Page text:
Hillary Advised to Acknowledge J Street at AIPAC
Former Secretary of State Hillary Clinton was advised to assail Netanyahu for abandoning his commitments to the peace process and publicly acknowledge J Street during a 2010 speech at AIPAC’s Policy Conference in Washington, DC, newly published emails show.
In an email sent on March 21, 2010 – on the eve of her appearance at AIPAC, Sid Blumenthal advised Hillary, “Hold Bibi’s feet to the fire, remind everyone he was at Wye, his key participant event in the peace process, and that it was successful. Reassure all players of our commitment to the process and the solution.”
“Perhaps most controversial,” Blumenthal continued, “I would argue something you should do is that, while praising AIPAC, remind it in as subtle but also direct a way as you can that it does not have a monopoly over American Jewish opinion. Bibi is stage managing US Jewish organizations (and neocons, and the religious right, and whomever else he can muster) against the administration. AIPAC itself has become an organ of the Israeli right, specifically Likud. By acknowledging J Street, you give them legitimacy, credibility and create room within the American Jewish community for debate supportive of the administration’s pursuit of the peace process. Just by mentioning J Street in passing, AIPAC becomes a point on the spectrum, not the controller of the spectrum.”
Blumenthal sketched out a rough plan how the then Secretary of State should address the controversial issue during her remarks. “Some critics say that citizens presenting their views to their government is somehow wrong, that it is a lobby, as though the word “lobby” is not kosher,” he wrote. “However, I welcome a healthy debate. Only through the marketplace of ideas will sound policies to help resolve complicated and seemingly intransigent problems be developed. This administration values everybody’s views. They are important. You are important. We welcome views across the spectrum, from AIPAC to J Street. All these views are legitimate and must be heard and considered.”
Needless to say, Hillary did not heed to Sid’s advice. Instead, she commended Netanyahu “for embracing the vision of the two-state solution,” and “for acting to lift roadblocks and ease movement throughout the West Bank.” Adding, “Last June at Bar-Ilan University, Prime Minister Netanyahu put his country on the path to peace.”
Nevertheless, Hillary did adopt one line Blumenthal suggested as she addressed the peace process. “We are not condemned to perpetual conflict by history. There is an alternative history—the history of how we have overcome and resolved seemingly unbridgeable differences to make peace and create progress,” he advised her to say.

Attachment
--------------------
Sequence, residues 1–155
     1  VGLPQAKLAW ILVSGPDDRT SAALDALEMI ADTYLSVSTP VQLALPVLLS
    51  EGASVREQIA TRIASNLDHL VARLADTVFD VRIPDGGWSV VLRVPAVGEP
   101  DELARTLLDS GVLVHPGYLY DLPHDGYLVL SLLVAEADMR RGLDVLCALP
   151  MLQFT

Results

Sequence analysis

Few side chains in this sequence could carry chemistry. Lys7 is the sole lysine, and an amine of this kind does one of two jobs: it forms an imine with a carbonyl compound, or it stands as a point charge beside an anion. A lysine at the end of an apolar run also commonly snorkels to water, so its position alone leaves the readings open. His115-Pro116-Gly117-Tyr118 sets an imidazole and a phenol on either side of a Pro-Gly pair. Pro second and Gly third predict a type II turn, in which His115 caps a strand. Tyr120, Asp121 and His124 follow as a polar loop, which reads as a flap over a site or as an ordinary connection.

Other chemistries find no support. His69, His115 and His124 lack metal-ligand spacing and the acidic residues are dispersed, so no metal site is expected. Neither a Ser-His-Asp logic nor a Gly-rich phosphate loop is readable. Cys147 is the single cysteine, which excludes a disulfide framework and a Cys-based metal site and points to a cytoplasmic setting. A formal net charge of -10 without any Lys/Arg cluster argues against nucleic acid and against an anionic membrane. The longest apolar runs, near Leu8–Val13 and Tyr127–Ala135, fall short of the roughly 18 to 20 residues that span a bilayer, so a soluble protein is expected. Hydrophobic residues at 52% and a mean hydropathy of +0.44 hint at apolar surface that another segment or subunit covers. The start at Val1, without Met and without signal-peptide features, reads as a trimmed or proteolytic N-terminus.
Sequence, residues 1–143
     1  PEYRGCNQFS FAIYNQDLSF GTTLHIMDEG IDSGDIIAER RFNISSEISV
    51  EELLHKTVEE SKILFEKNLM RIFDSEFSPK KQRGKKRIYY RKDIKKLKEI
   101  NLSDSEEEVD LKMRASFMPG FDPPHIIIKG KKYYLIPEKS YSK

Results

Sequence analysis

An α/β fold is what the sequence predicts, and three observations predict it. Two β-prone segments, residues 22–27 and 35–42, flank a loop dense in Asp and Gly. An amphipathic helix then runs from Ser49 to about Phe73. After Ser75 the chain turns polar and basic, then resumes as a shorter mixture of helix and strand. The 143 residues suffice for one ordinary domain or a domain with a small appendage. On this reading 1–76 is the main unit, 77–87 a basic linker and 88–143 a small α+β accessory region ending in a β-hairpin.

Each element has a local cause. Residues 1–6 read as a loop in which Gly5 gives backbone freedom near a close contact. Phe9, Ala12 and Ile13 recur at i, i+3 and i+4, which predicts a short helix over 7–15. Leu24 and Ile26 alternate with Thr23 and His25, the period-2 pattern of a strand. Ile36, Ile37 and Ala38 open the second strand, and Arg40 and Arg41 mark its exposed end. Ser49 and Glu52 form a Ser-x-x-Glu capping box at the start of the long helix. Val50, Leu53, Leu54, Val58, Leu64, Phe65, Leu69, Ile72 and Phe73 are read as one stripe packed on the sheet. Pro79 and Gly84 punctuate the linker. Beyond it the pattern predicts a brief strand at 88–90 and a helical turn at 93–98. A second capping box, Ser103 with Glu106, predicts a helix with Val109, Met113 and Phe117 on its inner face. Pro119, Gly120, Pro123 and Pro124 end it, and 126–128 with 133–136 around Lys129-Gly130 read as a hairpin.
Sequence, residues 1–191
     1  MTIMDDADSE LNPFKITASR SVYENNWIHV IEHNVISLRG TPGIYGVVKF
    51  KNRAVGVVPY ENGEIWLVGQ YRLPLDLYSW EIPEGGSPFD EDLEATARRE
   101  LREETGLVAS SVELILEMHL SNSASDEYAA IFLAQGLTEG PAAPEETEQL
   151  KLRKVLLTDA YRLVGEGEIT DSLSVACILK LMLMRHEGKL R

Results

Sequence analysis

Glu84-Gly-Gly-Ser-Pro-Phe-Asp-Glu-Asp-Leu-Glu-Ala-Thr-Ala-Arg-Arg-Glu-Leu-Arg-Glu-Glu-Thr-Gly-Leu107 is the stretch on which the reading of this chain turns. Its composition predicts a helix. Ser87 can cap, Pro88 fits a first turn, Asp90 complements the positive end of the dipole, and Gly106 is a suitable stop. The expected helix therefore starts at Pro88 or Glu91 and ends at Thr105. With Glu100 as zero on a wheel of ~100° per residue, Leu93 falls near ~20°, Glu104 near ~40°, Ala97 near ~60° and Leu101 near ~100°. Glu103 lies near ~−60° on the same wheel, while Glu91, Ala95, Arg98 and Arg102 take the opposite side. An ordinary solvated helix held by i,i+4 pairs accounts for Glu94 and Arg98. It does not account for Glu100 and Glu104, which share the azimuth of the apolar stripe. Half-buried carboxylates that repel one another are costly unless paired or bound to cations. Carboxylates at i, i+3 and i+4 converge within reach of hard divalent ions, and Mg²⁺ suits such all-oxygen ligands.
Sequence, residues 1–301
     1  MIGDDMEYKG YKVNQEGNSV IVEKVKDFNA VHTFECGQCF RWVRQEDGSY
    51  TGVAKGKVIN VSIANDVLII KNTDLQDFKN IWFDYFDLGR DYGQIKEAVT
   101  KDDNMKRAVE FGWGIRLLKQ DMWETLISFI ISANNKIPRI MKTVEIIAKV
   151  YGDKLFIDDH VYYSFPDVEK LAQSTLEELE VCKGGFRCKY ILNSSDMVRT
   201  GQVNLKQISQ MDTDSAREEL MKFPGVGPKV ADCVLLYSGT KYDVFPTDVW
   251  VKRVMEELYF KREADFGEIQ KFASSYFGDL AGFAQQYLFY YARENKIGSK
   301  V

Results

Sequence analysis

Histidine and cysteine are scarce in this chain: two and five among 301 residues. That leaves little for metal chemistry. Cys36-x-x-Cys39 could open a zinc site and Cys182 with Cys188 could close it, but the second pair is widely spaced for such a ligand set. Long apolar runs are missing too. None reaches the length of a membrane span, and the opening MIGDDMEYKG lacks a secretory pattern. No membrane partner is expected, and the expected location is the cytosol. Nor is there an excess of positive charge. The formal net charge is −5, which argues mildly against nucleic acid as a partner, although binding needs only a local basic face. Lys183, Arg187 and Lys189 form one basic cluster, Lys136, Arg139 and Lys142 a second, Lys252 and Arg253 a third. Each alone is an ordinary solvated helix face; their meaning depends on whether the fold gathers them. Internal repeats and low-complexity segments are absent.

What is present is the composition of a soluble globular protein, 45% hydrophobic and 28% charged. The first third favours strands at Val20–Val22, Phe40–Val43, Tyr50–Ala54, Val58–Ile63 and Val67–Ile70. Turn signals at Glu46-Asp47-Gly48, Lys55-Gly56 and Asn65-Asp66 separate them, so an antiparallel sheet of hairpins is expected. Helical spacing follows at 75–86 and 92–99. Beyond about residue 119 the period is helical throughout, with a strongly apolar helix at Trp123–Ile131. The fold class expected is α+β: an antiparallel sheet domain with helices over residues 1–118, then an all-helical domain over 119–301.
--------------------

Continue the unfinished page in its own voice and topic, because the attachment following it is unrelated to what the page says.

Here is what Hillary told the pro-Israel lobby: “Israel’s history is the story of brave men and women who took risks. They did the hard thing because they believed and knew it was right. We know that this dream was championed by Herzl and others that many said was impossible… Israel and the generations that have come have understood that the strongest among us is often the one who turns an enemy into a friend. Israel has shed more than its share of bitter tears. But for that dream to survive, for the state to flourish, this generation of Israelis must also take up the tradition and do what seems too dangerous, too hard, and too risky.”
But Hillary refrained from touching on sensitive issues, deciding not to mention even the word “J Street” during her speech.
Another email, dated March 20, 2010, reveals there were significant disagreements between Hillary’s aides over the content of the speech. “Having just sent in comments on the AIPAC draft (which were marked classified), I see a clear and relatively easy way for you to make a major difference here,” Anne-Marie Slaughter wrote. “I’m not naïve about the politics here, but we have a major opportunity and I hate to see us waste it.” But Jake Sullivan expressed his objection. In a reply email to Hillary, Sullivan wrote, “I’m going to call AMS now. I’m not sure I agree with her.” A half hour later, Sullivan sent another email: “Haven’t reached her yet, but now re-reading her suggestion, I think it might work. I’d want Mitchell’s take on what the response would be.”